Monthly Archives: January 2021

Pardon me: WKRP foresees the upcoming travesty

The US smugly denounces corruption in other countries, the poorer the better for the sanctimony.  Yet in the hopeful coda to a cancerous career, 45 is expected to issue some 100 pardons on his last full day of his unsanctified, cursed term.  His remaining handlers are said to be profiting handsomely from many paying top dollar to get their cases reviewed.

Some 42 years ago, WKRP in Cincinnati featured another corrupt, smarmy con artist – an ex-wrestler now in religious raiment fleecing the faithful.  The staff ultimately manages to get the Reverend Little Ed Pembrook off the air until he promises to reform.  Which he does, only to find another angle as grifters large and small usually manage to do.

That series had an hell of a first season which also included the legendary Thanksgiving episode with live turkeys dropped from a helicopter as a publicity stunt.

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Wolf and Nabokov on red hats, madness, and death

Monsaingeon’s wonderful Richter documentary features the legendary pianist accompanying Dietrich Fischer-Dieskau in Hugo Wolf’s ‘Feuerreiter.’   I don’t like vocal music much but the piece came to mind today and I searched for the lyrics.  The first stanza is a knockout and the rest could be ripped from the front pages if front pages still existed to be ripped.

Sehet ihr am Fensterlein
Dort die rote Mütze wieder?
Nicht geheuer muß es sein,
Denn er geht schon auf und nieder.
Und auf einmal welch Gewühle
Bei der Brücke, nach dem Feld!
Horch! das Feuerglöcklein gellt:
Hinterm Berg,
Hinterm Berg
Brennt es in der Mühle!
See, at the window
There, his red cap again?
Something must be wrong,
For he’s pacing to and fro.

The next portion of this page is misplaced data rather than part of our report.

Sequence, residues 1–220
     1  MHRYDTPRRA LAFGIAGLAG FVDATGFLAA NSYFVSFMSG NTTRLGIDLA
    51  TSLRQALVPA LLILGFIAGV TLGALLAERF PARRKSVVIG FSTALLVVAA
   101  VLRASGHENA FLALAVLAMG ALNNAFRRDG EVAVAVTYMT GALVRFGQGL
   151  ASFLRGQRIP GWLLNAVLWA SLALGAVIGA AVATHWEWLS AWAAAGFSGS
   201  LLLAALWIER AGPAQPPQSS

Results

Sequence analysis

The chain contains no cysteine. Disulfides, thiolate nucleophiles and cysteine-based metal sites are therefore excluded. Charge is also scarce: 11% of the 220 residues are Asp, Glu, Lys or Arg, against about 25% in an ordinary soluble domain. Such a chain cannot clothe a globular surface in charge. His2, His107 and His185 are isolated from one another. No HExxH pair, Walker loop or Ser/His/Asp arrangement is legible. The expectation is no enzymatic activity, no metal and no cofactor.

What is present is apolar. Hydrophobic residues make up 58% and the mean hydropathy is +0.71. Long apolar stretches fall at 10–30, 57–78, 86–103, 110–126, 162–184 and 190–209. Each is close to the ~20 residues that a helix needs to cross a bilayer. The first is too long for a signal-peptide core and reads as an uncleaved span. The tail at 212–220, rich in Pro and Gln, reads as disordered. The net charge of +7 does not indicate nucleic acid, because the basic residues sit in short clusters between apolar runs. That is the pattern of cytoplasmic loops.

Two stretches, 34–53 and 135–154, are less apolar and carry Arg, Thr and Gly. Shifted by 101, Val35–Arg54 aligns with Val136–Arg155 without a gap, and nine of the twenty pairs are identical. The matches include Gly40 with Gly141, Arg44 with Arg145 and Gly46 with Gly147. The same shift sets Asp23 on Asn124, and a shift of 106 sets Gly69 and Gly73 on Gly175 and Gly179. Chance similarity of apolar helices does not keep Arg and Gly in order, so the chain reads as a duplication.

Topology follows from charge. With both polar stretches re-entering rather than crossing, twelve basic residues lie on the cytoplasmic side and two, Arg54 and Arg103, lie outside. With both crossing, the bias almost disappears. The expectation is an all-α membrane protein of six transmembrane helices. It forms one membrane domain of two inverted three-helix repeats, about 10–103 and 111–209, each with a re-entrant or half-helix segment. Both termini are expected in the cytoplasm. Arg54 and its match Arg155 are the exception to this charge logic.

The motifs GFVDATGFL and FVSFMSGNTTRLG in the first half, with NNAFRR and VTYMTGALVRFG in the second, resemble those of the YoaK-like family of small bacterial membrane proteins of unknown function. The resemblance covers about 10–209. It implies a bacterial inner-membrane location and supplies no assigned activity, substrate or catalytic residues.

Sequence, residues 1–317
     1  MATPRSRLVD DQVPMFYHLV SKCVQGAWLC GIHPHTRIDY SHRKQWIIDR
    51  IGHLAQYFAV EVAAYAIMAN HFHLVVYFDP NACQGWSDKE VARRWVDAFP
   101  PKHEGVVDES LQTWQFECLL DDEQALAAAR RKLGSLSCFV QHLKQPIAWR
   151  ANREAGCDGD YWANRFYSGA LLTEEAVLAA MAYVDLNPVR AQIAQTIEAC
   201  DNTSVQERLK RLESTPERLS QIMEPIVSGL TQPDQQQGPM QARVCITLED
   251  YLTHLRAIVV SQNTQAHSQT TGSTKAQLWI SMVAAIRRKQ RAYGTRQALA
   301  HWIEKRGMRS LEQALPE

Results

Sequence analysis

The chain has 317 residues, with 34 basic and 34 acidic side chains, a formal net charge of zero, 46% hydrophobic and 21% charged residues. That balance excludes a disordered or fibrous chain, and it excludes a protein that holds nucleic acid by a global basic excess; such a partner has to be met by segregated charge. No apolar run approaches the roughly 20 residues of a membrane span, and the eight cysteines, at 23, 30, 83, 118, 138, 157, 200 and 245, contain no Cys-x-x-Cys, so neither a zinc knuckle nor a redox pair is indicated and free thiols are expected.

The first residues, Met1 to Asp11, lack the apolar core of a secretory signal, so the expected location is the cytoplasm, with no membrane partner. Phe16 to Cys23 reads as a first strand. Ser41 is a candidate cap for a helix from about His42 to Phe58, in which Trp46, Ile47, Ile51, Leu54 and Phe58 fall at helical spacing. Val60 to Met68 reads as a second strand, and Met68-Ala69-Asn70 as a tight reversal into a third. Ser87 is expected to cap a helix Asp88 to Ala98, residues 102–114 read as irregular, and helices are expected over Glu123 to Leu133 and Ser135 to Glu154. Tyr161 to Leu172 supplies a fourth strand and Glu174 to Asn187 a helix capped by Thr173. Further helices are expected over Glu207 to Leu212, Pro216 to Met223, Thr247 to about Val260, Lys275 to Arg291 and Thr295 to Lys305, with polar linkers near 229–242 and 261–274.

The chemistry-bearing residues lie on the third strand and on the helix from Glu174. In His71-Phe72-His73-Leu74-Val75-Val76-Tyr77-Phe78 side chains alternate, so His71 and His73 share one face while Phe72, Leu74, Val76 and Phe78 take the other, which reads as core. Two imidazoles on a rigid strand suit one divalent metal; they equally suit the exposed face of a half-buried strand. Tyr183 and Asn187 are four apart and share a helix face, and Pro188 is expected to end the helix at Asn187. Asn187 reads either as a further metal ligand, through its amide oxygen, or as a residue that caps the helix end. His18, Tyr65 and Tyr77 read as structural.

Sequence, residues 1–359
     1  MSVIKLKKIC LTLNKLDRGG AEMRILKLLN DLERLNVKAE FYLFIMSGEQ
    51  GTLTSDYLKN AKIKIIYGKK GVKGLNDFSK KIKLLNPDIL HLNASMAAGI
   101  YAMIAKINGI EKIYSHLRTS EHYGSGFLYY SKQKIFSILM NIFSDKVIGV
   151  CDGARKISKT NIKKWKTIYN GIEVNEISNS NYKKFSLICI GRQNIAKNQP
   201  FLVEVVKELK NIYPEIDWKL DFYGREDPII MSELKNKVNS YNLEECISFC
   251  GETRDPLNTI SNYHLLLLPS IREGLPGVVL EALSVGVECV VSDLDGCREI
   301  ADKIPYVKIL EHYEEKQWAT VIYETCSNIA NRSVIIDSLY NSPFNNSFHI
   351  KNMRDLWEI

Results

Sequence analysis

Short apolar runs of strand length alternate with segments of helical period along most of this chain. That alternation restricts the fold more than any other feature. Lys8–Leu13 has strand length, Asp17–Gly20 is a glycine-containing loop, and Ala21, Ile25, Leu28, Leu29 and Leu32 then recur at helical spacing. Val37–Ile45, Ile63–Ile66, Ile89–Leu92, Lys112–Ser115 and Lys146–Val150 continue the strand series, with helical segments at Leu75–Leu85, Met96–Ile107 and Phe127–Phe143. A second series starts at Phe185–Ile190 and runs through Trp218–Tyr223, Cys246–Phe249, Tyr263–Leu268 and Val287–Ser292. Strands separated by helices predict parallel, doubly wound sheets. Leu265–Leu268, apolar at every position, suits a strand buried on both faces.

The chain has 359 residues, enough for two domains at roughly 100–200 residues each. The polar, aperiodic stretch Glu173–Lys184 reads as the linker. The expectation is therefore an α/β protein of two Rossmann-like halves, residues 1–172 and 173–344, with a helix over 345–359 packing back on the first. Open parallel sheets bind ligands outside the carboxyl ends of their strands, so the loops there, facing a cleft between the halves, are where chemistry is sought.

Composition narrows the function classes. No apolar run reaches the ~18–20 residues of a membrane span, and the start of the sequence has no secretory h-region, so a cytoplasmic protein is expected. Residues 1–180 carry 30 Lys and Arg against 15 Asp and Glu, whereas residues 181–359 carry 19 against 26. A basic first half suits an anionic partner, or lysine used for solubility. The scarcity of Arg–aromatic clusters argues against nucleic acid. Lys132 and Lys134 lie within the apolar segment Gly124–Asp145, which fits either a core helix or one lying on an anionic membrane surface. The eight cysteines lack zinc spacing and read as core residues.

And all of a sudden, what a throng
At the bridge, heading for the fields!
Listen to the fire-bell shrilling:
Behind the hill,
Behind the hill
The mill’s on fire!
— Translation by Richard Stokes

The story canters on and it doesn’t end well for our redcapped protagonist.  There’s a rough (and admittedly forced) parallel in Nabokov’s ‘Pale Fire’ where a King-in-mind-only abdicates to eventual academe, a hapless assassin, and his own hand.

He never would have reached the western coast had not a fad spread among his secret supporters, romantic, heroic daredevils, of impersonating the fleeing king. They rigged themselves out to look like him in red sweaters and red caps, and popped up here and there, completely bewildering the revolutionary police. Some of the pranksters were much younger than the King, but this did not matter since his pictures in the huts of mountain folks and in the myopic shops of hamlets, where you could buy worms, ginger bread and zhiletka blades, had not aged since his coronation. A charming cartoon touch was added on the famous occasion when from the terrace of the Kronblik Hotel, whose chairlift takes tourists to the Kron glacier, one merry mime was seen floating up, like a red moth, with a hapless, and capless, policeman riding two seats behind him in dream-slow pursuit. It gives one pleasure to add that before reaching the staging point, the false king managed to escape by climbing down one of the pylons that supported the traction cable.

Regrettably our national fire is more of the Wolf stripe.  The mill burns to the ground with untold consequences to the many  where Nabokov’s paler flame is shaded to only take the life of Kinbote/Botkin. We are left to wonder and fear whether a “a bigger, more respectable, more competent Gradus” is in our futures.

Hear Fischer-Dieskau and pianist Gerald Moore perform it below with evocative added graphics and translation followed by a rehearsal of the same piece with Richter.

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